Wednesday, March 28, 2012

Express Closet Experiment: What Lies Beneath...

I realize I've dropped this weekly entry recently, but perhaps that's because everything is going so well in my closet. Of course, the rapid change of seasons is forcing me to move toward spring clothes more quickly (which in the Big D means summer clothes). All too soon, it will be above 80degrees every day.

But while I've blogged about, thought about, acted on my closet's holdings, I am also a girl who is all about what lies beneath: lingerie and support wear.

The fact is that no matter how well you dress yourself up on the outside, it is what lies underneath that makes you look good. We all know what I mean.

I have this discussion with friends my age, but some of my acting friends have it with their female students, graduates and undergraduates. Even someone who's twenty and slim can need the right kind of support--in fact, most times they need it as much as someone my age, because firmness isn't an age-related factor entirely.

All women need to think about:
  • Pantylines
  • Sheer, transparent, and thin fabrics
  • Static cling
  • Jiggling and bounce
  • Breasts, waists, backs, bellies, thighs, and backsides

Of course, there's a difference in thinking about them on the beach or at a weekend party and thinking about them in a professional and situation-appropriate way.

For example: a job interview or audition (for our performance students). For instance: a family party with your grandmother present or your boyfriend's parents. For instance: a funeral or wedding.

In a job interview, you do not want the interviewer more aware of your panty lines or the color or the absence of your lingerie than of your intellectual and skill-centered qualifications.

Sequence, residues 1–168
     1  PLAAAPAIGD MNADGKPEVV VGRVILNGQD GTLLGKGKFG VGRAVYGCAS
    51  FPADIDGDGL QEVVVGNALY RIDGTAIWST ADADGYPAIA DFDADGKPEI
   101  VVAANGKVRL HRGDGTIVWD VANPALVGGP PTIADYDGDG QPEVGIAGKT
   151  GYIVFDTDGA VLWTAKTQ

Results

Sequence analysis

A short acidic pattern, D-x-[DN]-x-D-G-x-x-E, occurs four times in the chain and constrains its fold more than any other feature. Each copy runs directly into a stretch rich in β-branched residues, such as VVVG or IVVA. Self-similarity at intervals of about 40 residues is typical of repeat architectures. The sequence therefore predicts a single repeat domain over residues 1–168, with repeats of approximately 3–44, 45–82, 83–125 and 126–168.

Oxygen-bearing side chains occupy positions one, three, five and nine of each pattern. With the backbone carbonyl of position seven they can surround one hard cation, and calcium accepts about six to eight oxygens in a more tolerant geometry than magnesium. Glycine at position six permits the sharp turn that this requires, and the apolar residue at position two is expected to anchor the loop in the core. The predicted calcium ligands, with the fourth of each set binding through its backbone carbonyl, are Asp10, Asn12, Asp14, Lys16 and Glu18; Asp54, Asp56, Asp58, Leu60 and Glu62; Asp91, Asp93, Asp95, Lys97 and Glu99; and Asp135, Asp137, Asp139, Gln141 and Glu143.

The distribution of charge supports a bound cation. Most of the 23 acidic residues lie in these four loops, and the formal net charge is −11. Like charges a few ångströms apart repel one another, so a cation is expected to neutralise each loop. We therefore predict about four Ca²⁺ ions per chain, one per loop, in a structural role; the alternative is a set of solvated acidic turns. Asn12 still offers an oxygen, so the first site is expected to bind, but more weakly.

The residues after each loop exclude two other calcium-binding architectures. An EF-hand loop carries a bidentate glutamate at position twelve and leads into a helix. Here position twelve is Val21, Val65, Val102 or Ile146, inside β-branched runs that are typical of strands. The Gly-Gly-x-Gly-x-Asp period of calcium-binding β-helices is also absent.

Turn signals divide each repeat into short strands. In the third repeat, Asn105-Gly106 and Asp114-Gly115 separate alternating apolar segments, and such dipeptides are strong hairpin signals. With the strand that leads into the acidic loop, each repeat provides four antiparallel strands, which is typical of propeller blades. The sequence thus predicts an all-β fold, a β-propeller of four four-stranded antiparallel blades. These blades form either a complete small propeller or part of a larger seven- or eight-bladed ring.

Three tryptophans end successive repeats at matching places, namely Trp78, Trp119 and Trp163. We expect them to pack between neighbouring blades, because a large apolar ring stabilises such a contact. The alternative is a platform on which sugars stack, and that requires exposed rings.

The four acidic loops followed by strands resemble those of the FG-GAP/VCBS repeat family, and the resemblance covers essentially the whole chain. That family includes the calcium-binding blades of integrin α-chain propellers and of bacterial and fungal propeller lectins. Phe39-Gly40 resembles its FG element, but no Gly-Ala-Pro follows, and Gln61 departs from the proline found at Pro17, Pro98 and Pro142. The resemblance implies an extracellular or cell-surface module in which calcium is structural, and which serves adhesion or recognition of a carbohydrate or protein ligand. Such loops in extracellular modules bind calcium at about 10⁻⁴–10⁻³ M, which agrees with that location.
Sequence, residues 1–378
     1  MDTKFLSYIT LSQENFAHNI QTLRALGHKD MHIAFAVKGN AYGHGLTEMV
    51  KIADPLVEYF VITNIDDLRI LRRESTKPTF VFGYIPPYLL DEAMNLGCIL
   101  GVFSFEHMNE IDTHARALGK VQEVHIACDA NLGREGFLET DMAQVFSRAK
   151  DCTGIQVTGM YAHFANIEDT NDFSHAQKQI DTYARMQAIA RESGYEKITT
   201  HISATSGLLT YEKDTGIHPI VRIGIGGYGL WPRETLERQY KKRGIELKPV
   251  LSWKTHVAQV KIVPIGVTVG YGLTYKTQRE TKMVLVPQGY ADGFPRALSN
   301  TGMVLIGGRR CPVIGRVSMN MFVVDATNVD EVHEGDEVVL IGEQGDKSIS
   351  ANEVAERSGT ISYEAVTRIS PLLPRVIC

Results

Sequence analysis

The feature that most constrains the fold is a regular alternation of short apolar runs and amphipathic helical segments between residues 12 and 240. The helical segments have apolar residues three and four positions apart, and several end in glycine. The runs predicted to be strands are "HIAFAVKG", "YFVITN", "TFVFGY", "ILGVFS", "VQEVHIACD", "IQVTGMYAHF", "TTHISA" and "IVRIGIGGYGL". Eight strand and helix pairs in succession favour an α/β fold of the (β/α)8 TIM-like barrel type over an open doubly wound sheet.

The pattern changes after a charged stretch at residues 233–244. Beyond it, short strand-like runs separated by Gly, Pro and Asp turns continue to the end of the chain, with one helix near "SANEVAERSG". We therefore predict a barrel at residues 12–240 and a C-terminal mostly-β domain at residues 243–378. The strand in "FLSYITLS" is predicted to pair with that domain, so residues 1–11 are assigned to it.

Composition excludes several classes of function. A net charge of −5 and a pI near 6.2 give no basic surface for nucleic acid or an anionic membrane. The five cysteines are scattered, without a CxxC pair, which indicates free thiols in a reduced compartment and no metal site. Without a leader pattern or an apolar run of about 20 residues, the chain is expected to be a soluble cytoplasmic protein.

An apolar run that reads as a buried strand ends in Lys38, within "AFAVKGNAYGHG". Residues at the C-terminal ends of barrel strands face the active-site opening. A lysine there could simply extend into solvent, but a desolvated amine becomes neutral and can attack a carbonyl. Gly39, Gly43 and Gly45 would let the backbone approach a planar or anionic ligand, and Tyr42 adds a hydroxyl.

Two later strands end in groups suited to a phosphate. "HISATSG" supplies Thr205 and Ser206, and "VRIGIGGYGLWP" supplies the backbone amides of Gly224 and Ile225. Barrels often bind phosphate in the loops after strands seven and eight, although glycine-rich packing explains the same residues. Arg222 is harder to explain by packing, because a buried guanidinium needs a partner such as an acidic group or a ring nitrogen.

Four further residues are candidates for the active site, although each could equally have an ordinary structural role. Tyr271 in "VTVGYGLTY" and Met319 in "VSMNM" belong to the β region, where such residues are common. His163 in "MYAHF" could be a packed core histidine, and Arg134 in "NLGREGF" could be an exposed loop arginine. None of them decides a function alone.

At a funeral, you do not want the mourners aware of your pink lace tanga, especially if it is two sizes too small and bordered with taut elastic.

Right up front, I'm conservative. So take that as a marker of my point of view. I never think it's okay to see a black panty through white jeans, bare breasts or nipples bouncing or sagging in a T-shirt or thin sweater, a thong T rising above the waistband of a skirt or jeans, or jiggling parts in leggings or jeggings. Ugh.

My question: what are you advertising?

Of course, I was someone who developed a sort-of bosom by the time I was in fifth grade, and a serious bustline by the time I was in high school. For a long time, then, I've had a reason to be intimately interested in how well lingerie fit, and I've always liked lingerie. (My eyes are up here, fellas!)

Now that I'm older, fuller, less firm... I appreciate the benefits of lingerie that does its job as support as well as a pretty, feminine layer between your skin and your clothes.

For the next few weeks, I'll examine the issues of various types of necessary lingerie and it's pleasures as well. Manufacturers are working hard to convince us that they make pretty, sexy, working underwear for everyone--no matter what size or shape or age. Really? Let's see.

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